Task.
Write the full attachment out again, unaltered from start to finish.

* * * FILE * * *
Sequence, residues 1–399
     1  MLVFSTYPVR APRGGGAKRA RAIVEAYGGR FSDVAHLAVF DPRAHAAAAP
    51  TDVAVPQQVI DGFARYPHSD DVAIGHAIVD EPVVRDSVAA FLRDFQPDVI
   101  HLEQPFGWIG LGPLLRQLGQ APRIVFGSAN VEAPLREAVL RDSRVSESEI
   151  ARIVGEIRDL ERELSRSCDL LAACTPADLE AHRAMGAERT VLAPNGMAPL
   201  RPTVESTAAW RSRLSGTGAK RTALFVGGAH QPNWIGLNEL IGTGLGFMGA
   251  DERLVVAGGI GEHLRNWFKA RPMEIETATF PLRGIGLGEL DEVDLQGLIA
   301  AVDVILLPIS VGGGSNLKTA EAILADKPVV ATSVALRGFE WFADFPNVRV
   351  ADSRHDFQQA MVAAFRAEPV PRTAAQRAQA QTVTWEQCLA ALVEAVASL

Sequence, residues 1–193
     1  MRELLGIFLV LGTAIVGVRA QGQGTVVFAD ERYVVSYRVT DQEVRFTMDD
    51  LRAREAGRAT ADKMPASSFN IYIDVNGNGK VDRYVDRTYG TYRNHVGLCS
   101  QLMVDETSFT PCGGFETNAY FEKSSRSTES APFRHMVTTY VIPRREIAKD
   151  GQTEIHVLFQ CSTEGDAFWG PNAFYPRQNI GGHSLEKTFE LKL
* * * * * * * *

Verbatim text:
Sequence, residues 1–399
     1  MLVFSTYPVR APRGGGAKRA RAIVEAYGGR FSDVAHLAVF DPRAHAAAAP
    51  TDVAVPQQVI DGFARYPHSD DVAIGHAIVD EPVVRDSVAA FLRDFQPDVI
   101  HLEQPFGWIG LGPLLRQLGQ APRIVFGSAN VEAPLREAVL RDSRVSESEI
   151  ARIVGEIRDL ERELSRSCDL LAACTPADLE AHRAMGAERT VLAPNGMAPL
   201  RPTVESTAAW RSRLSGTGAK RTALFVGGAH QPNWIGLNEL IGTGLGFMGA
   251  DERLVVAGGI GEHLRNWFKA RPMEIETATF PLRGIGLGEL DEVDLQGLIA
   301  AVDVILLPIS VGGGSNLKTA EAILADKPVV ATSVALRGFE WFADFPNVRV
   351  ADSRHDFQQA MVAAFRAEPV PRTAAQRAQA QTVTWEQCLA ALVEAVASL

Sequence, residues 1–193
     1  MRELLGIFLV LGTAIVGVRA QGQGTVVFAD ERYVVSYRVT DQEVRFTMDD
    51  LRAREAGRAT ADKMPASSFN IYIDVNGNGK VDRYVDRTYG TYRNHVGLCS
   101  QLMVDETSFT PCGGFETNAY FEKSSRSTES APFRHMVTTY VIPRREIAKD
   151  GQTEIHVLFQ CSTEGDAFWG PNAFYPRQNI GGHSLEKTFE LKL